Study yourself failing

Girish Manimaran
Feb 21, 2017

We do not keep getting better at something, the more we practice it.

If that were the case, given that many of us type on our laptops almost every day, we’d be typing at 200 words per minute by now.

Actually what happens is that we get better at something we practice till the level we reach becomes ok with us.

And then we stop improving.

This place was named the ‘Ok plateau’ by journalist Joshua Foer.

To get better once we have reached the plateau requires not practice but something else, something that has come to be known as ‘deliberate practice’.

Deliberate practice requires you to consciously put yourself out of your comfort zone and do something at a higher difficulty level than you are used to. In the case of typing, if you type at 50wpm, it would mean that you push yourself to type at 60wpm. When you practice at this level you will make errors and mistakes and the tendency will be to slow down. But if you persist mixing in deliberate practice with your normal practice, what happens is that after a while you suddenly notice… that you’re typing at 55wpm comfortably.

In our leadership development work with high potential managers who have been singled out by their company for investment, we push them harder than they’re used to in the training room. We ask them to set unreasonable targets in their action learning projects back at work. And we realize that this creates tension during that period. But almost always we find that at the end of the journey there is a sense of accomplishment and often considerable surprise – “I didn’t think I was ever going to achieve that when I started!”

There are a few steps that we have found that these high potential managers take during these periods that seems to be effective for them, and that we’d present before you as suggestions to try out:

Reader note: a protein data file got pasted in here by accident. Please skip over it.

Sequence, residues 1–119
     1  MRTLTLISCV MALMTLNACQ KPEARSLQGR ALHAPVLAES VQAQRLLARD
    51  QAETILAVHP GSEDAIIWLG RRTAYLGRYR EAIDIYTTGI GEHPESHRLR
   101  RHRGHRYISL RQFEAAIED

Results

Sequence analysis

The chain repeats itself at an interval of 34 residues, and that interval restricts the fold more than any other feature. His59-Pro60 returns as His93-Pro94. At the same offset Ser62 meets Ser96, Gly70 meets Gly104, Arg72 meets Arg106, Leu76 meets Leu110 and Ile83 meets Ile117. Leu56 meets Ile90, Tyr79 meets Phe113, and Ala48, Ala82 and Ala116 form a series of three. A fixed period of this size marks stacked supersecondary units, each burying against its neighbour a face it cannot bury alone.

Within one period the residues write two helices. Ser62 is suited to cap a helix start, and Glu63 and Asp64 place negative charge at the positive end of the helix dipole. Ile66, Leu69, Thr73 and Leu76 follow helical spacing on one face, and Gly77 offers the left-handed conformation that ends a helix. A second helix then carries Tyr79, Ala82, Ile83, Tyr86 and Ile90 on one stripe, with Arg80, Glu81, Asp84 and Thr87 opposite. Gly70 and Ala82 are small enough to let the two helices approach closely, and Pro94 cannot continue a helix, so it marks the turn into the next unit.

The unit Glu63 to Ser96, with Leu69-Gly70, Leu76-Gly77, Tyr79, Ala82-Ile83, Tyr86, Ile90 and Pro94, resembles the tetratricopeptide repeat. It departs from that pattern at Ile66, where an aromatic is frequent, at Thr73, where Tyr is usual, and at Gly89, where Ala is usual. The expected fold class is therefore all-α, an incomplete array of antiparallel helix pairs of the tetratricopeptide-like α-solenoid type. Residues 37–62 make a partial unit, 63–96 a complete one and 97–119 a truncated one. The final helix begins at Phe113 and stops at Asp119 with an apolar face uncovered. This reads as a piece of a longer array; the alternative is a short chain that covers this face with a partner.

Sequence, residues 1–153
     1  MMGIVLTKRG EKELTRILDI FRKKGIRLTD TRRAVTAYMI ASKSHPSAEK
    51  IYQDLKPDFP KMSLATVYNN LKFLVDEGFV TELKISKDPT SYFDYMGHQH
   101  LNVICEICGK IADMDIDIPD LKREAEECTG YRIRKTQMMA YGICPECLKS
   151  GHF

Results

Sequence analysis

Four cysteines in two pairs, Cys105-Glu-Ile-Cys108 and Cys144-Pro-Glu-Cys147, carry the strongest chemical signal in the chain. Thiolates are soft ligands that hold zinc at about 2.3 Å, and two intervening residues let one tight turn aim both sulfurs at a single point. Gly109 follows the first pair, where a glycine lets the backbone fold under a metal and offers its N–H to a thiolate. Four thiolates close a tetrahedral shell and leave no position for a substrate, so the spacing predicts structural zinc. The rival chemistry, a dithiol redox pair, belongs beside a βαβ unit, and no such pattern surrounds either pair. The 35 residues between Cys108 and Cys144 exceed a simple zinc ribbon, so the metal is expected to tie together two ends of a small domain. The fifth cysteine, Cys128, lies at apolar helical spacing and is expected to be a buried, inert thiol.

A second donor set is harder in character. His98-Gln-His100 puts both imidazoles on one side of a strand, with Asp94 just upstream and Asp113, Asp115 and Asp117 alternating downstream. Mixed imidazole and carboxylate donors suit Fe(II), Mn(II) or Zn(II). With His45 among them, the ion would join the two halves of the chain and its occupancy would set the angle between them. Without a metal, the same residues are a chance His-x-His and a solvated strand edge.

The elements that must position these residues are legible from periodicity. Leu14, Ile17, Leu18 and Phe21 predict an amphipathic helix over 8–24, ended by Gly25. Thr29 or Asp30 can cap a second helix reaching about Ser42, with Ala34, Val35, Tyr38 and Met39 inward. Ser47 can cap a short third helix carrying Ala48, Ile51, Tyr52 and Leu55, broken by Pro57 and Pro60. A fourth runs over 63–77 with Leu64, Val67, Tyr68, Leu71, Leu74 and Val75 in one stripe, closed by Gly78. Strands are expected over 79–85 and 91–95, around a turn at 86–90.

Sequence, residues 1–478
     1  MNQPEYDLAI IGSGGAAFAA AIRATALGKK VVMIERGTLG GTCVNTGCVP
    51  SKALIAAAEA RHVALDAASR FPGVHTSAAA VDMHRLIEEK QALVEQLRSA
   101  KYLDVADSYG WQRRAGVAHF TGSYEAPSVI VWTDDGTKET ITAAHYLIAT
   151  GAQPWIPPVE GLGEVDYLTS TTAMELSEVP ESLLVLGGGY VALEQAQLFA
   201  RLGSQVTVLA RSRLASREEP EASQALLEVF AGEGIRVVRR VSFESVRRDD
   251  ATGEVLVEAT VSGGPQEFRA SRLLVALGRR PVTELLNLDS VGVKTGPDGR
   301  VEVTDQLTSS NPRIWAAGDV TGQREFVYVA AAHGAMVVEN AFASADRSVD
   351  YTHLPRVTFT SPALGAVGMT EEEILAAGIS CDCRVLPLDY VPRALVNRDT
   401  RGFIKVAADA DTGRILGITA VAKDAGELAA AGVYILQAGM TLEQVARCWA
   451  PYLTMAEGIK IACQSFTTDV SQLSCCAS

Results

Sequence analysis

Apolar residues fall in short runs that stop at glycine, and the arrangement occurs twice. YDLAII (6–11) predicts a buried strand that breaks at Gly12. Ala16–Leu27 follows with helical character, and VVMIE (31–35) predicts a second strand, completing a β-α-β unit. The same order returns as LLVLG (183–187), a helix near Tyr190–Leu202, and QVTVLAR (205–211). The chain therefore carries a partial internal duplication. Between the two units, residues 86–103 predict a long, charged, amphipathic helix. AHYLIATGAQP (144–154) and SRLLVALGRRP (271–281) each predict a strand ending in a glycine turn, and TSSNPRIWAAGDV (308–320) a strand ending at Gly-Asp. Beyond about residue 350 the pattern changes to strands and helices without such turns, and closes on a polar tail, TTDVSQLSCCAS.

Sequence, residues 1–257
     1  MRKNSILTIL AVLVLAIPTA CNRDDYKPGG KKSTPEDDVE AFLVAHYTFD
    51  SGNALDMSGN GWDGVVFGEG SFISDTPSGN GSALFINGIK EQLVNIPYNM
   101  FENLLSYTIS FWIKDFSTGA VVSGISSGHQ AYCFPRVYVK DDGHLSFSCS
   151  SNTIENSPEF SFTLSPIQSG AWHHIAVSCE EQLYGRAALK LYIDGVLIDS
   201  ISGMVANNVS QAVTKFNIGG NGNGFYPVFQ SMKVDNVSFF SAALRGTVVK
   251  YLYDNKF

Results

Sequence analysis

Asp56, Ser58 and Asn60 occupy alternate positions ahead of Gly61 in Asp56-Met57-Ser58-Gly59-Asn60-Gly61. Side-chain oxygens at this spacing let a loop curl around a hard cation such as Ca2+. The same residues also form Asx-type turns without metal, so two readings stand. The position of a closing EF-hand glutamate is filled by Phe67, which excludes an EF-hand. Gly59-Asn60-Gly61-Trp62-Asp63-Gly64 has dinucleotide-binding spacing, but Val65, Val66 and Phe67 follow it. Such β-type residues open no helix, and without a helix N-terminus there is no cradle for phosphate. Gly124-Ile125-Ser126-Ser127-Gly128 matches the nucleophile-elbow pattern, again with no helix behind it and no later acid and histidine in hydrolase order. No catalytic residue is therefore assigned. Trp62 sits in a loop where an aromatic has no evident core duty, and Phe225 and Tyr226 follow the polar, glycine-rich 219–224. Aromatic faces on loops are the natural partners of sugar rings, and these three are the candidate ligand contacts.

1. Pick a target that you think is just out of your reach
2. One way of doing this is to try to do what someone you believe has more confidence/skill/experience than you would do
3. If you succeed, then pick a higher target till you start failing. You haven’t reached your limit yet.
5. Seek out critical feedback immediately. You will most likely find the specific behaviours and beliefs that trip you up at your limits
6. Treat these failures like a scientific experiment. Form a hypothesis, try it, see the results, tweak your approach
7. Keep doing this till you succeed
8. Go down a notch in your targets. You’ll find that you’re performing at a higher level than you were before but with the same level of effort

Stick to the plateau for a while but when you’re ready…. go again.

You may want to ask yourself where in your life you have reached the ‘Ok plateau’ – it could be work, it could be relationships, it could be health, it could be finance, it could be your hobbies.

And then ask yourself if you’re ok with it or not. You may have come to believe that you’ve reached your limit because you’re not getting any better at it.

But practice doesn’t make perfect. Beyond a point, it doesn’t even make you better.

Deliberate practice does.